Anti-Money Laundering and Counter-Terrorism Financing Amendment Bill 2017


Peter Khalil: I’m pleased to contribute to the debate on the Anti-Money Laundering and Counter-Terrorism Financing Amendment Bill 2017. We know that Australia has experienced some sustained pressure from many stakeholders across the globe to strengthen our anti-money-laundering and counterterrorism financing regime. This has been consistent over the past decade. In the course of this debate I think it’s safe to say that both sides of the parliament understand that this piece of legislation is well overdue for an update. The Anti-Money Laundering and Counter-Terrorism Financing Act 2006 is the principal legislative instrument to combat money laundering and terrorism financing. It establishes reporting regimes for prescribed entities and provides procedures which reporting entities must go through to properly identify customers before engaging in transactions, including international and domestic fund transfers.

As the member for Hotham, the shadow justice minister, noted in her remarks, taking the profit motive out of crime is one of the key elements to maintaining law and order. Therefore our anti-money-laundering and counterterrorism financing legislation is immensely important within this objective. There’s an urgent need for reform and it’s well demonstrated in the scandal involving the Commonwealth Bank, in which AUSTRAC had initiated civil penalty proceedings in the Federal Court against the Commonwealth Bank of Australia for serious and systemic noncompliance with the existing Anti-Money Laundering and Counter-Terrorism Financing Act 2006.

This bill implements a first phase of reforms arising from the recommendations of the report on the statutory review of the Anti-Money Laundering and Counter-Terrorism Financing Act 2006 and the associated rules and regulations. I won’t go through all of the details of the bill—we all know them. What I do want to say is, although it is acknowledged that this bill implements only the first phase of the necessary reforms, it’s important that all aspects of the bill are as strong and as robust as possible. While Labor are supportive of this bill on the basis of an initial review, we are concerned that the bill may not go far enough, particularly in light of the recent scandals that I have just referred to, including that involving the Commonwealth Bank and many others.

The 2015-16 report of the Financial Action Task Force, part of the global body responsible for setting and monitoring international standards on combating money laundering and the financing of terrorism, found that Australia’s regime for anti-money-laundering and counterterrorism financing was noncompliant with at least six international anti-money-laundering and counterterrorism financing standards. This report called on the regulator, AUSTRAC, to pursue a more aggressive enforcement agenda, recommending:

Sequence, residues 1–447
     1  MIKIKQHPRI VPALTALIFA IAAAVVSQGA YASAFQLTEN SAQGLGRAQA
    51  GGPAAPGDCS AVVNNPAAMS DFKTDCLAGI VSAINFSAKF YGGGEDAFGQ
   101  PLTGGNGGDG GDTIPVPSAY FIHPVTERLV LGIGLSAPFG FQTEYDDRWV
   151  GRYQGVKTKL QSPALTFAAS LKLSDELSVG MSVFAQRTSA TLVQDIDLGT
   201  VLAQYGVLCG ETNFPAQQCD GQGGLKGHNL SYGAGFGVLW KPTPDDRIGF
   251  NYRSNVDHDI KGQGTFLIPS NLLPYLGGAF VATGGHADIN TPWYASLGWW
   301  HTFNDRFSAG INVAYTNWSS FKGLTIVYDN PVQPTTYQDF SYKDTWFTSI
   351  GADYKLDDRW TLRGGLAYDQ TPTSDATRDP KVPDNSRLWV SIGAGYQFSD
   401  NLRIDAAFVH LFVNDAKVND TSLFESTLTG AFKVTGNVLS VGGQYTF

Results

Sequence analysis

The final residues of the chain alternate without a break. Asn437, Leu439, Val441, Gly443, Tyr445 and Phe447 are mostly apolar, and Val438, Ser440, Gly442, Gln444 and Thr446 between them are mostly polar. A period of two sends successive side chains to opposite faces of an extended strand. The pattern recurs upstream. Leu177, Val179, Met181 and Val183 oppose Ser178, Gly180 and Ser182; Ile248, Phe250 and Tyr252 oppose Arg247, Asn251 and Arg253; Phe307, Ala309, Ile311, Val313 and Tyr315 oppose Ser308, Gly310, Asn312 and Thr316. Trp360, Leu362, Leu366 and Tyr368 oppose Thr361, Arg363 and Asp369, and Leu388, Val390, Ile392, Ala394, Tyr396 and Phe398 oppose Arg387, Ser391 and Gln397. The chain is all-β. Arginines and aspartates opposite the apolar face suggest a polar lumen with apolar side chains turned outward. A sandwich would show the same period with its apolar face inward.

Australia should focus more on effective supervision and enforcement of individual reporting entities’ compliance with AML/CTF—

anti-money-laundering and counterterrorism financing—

obligations within the various sectors. Here’s the kicker: the double standard, the smoke and mirrors show on display by this government. It spruiks its record on national security with photo opportunities in front of tanks—everyone wearing helmets and maybe some fatigues, with a few guns in the background. It talks almost obsessively from one side of its mouth about cracking down on organised crime and terrorism, while from the other side it refuses to invest in law enforcement or commit to meaningful regulation and oversight of the banks.

Here are some facts: the very same year in which that criticism of our financial intelligence agency was made by the global organisation the Financial Action Task Force, AUSTRAC actually sustained a $7 million cut from the Abbott Liberal government’s 2014-15 budget. So, while Australia was being told to ramp up its anti-money-laundering and counterterrorism financing efforts and enforcement, the Liberal government cut eight per cent of AUSTRAC’s budget. The government is cutting funding to AUSTRAC—the body that is supposed to be monitoring these institutions and enforcing our laws. I note that the 2016-17 budget contains a $19 million cut to AUSTRAC’s work to protect the financial system from criminal abuse.

We’ve seen, of course, in recent days that the government have rolled over and decided to hold a royal commission into the banking and financial sector. Despite resisting Labor’s calls until the eleventh hour, they are now talking big on how they plan to clean up misconduct in the banks. Despite all of this—despite the smoke and mirrors by this government—Labor, in particular the member for Hotham, the shadow minister for justice, and the member for Isaacs, the shadow Attorney-General, are willing and eager to work with the government over the coming months on the more significant challenges Australia faces in responding to money laundering and terrorism financing. It’s very clear that Labor’s not going to stand in the way of legislation that strengthens our anti-money-laundering and counterterrorism financing regime. To be clear, this is an issue with direct bearing on our national security, and we don’t do smoke and mirrors; we do the real, substantive stuff, the real work that’s necessary.

It must be said that the ripping of millions upon millions of dollars out of AUSTRAC at the same time as professing to strengthen it through this particular legislation is just another example of the con job of this government. Despite that, I call on the government to work with Labor to ensure we deliver robust legislation which will underpin the safety and security of all Australians.